The Problem With Throwing Money at Problems

There’s a dangerous floodgate opened when liberals say that throwing money at a problem will solve it.  If liberals say that spending more money on something–like health, education, or the economy–will improve it, then it follows that you should spend as much money on it as possible.

After all, if graduation rates or test scores would go up 10% if a state spends $50 million more on education, then why not spend $100 million and get even better results?  Why not spend a billion dollars—a trillion!—and get a whole nation of guaranteed geniuses? 

If a spending proponent would say that such an exaggeration is silly, I’d ask to see what evidence they have that their claims of money-based progress have noted any limits or diminishing returns.  In the absence of such, if they believe what they say they believe, it would only be reasonable to spend as much as absolutely possible on these priorities. 

This is the same problem liberals run into with things like the minimum wage.  If it’s possible to artificially demand that everybody get paid at least a certain amount so their standard of living will be adequate, why stop at just $5 or $10 dollars an hour?  Isn’t that just arbitrarily putting a ceiling on the quality of life that the working class can enjoy?  Why not make it $100 an hour?  Wouldn’t that automatically make everyone rich? 

The next time someone says that we need to spend X millions of dollars to solve a problem, my reply will be, “Only X?  If X will make it better, then we need to spend at least ten times that much—more, if we can!  Anything less would rob our precious friends of their rights!  Why don’t you care about that?  What’s wrong with your cold, evil heart?”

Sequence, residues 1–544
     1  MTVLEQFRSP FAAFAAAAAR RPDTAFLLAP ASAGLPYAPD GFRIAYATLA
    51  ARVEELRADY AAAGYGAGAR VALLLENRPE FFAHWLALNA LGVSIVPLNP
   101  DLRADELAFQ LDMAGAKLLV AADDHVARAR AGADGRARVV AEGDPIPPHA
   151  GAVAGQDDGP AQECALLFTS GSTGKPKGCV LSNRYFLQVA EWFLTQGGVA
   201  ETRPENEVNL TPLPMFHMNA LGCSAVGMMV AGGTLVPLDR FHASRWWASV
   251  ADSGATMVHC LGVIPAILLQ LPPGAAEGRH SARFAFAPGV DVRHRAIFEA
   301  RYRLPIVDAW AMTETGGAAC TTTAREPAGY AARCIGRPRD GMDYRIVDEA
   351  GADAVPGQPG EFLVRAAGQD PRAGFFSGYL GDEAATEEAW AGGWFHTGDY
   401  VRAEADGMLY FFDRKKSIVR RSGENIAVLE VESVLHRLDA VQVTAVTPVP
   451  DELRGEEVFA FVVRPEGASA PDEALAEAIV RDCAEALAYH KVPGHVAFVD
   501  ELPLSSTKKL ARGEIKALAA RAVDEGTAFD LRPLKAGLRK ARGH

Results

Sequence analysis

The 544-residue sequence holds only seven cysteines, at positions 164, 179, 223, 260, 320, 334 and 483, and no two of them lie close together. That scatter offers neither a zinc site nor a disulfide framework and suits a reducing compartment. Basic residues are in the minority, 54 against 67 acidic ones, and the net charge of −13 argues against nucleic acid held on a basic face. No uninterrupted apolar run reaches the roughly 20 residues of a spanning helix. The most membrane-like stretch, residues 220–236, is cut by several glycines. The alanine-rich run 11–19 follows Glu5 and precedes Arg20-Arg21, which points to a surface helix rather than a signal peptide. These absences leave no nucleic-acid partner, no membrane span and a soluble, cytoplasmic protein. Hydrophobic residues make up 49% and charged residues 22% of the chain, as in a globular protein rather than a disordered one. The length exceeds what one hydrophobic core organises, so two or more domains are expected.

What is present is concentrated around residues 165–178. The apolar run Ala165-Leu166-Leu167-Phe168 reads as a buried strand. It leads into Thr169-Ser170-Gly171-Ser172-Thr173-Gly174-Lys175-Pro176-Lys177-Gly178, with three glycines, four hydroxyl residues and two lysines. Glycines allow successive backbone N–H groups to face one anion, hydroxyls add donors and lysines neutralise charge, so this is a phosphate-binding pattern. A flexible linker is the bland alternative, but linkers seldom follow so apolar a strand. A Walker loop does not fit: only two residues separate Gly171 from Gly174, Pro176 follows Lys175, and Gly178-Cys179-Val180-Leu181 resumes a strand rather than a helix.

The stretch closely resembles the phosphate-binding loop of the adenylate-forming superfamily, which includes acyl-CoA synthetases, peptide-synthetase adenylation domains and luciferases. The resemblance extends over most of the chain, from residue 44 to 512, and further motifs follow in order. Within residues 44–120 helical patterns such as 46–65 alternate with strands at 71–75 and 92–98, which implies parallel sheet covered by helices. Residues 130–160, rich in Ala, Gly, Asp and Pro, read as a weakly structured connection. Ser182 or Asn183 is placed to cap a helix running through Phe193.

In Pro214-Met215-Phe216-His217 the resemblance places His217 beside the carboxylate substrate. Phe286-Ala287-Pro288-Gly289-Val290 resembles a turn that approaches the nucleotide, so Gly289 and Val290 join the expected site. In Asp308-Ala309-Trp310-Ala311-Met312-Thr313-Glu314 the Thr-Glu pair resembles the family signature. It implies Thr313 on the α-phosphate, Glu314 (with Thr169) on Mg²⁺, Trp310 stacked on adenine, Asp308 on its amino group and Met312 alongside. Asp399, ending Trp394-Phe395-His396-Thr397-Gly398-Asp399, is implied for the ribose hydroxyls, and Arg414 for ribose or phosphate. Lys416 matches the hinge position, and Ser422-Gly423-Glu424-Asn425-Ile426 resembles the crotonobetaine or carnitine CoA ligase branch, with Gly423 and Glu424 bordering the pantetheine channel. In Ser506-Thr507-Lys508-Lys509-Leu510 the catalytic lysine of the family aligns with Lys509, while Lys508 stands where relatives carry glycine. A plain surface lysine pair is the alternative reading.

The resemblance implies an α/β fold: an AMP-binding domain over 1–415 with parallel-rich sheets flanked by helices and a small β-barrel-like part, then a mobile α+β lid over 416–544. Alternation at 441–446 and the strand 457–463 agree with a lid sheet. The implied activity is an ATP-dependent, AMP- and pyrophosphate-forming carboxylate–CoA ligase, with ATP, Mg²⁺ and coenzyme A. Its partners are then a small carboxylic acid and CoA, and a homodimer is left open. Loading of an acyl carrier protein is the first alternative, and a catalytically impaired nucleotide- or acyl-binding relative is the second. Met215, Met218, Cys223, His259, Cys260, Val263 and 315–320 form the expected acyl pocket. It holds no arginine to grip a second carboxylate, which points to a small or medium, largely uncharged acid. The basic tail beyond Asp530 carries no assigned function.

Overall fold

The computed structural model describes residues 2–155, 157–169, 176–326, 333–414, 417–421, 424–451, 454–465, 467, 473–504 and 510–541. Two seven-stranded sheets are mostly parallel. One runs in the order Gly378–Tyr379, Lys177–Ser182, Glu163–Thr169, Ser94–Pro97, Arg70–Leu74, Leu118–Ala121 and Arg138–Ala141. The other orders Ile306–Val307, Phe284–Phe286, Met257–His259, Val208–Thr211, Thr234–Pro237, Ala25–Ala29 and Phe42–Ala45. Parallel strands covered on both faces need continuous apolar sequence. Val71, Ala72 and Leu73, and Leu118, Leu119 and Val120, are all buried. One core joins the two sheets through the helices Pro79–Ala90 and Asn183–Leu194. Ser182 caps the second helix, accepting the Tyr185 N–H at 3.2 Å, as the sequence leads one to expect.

8 comments on “The Problem With Throwing Money at Problems

  1. I don’t actually know any liberals who advocate throwing money at problems. At this point they are all focused on preventing the little money that is still being invested in solving social problems from being cut.

    I do find it interesting that conservatives are very vocal about the folly of “throwing money” at schools, or health care, or infrastructure, but when the money is thrown into unnecessary military spending or the idiotic “war” on drugs, we don’t get many complaints from them. What’s even more interesting is that conservatives think that throwing money away is actually beneficial. Not investing money in education or infrastructure, not spending money on armaments or “incentives” to corporate donors, but refusing to accept the money in the first place – simply throwing it away and hoping that those who would have been required to contribute to the public coffers will somehow do wise and useful things with the money and its benefits will magically trickle down to help everyone. Even when it becomes obvious that such a plan doesn’t work, the true believers just can’t accept the fact that they were wrong.

  2. Spinny, thanks for the thought. However, my overall point is still sound, and I think your rebuttal–while clever–is wrong. The existence of a minimum wage presupposes that much of the work force will only be paid that much (and would be paid less without a minimum wage), therefore, setting it any standard locks in what those workers will be able to earn, from a proponent’s point of view.

    Charles, your comment is thoughtful, but reminds me of something pointed out recently at National Review: whenever liberals want to justify more spending, they simply call it an investment.

    Your two examples of bad spending–military action and fighting crime–are two of the few legitimate, Constitutional functions of government. Sure, we could debate the merits of any specific war, and drug policy has its faults, but the fact that a lot of money is spent on those things is in no way inappropriate.

    Your non-defense of wild spending (by merely criticizing spending you don’t like) suggests that there is no results-based defense of spending. It reminds me of a local columnist who once wrote that we should try fixing education by spending more on it because, he wrote, it couldn’t hurt. Hardly a stirring call to arms.